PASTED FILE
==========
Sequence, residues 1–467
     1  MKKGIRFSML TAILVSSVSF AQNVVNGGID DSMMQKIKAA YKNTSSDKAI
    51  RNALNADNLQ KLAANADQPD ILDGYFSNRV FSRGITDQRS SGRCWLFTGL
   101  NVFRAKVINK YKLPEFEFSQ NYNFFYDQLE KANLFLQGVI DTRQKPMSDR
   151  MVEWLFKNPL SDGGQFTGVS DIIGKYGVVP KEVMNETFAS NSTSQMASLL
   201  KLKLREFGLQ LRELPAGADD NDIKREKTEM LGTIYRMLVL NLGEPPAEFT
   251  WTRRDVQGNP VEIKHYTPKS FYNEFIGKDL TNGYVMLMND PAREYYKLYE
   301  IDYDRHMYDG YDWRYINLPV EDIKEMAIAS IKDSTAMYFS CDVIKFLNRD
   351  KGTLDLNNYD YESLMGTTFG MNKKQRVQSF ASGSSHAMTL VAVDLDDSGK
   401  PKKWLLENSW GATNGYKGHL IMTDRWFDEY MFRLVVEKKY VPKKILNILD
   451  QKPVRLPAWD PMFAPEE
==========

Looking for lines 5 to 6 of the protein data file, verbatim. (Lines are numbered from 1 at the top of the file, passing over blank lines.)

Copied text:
   151  MVEWLFKNPL SDGGQFTGVS DIIGKYGVVP KEVMNETFAS NSTSQMASLL
   201  KLKLREFGLQ LRELPAGADD NDIKREKTEM LGTIYRMLVL NLGEPPAEFT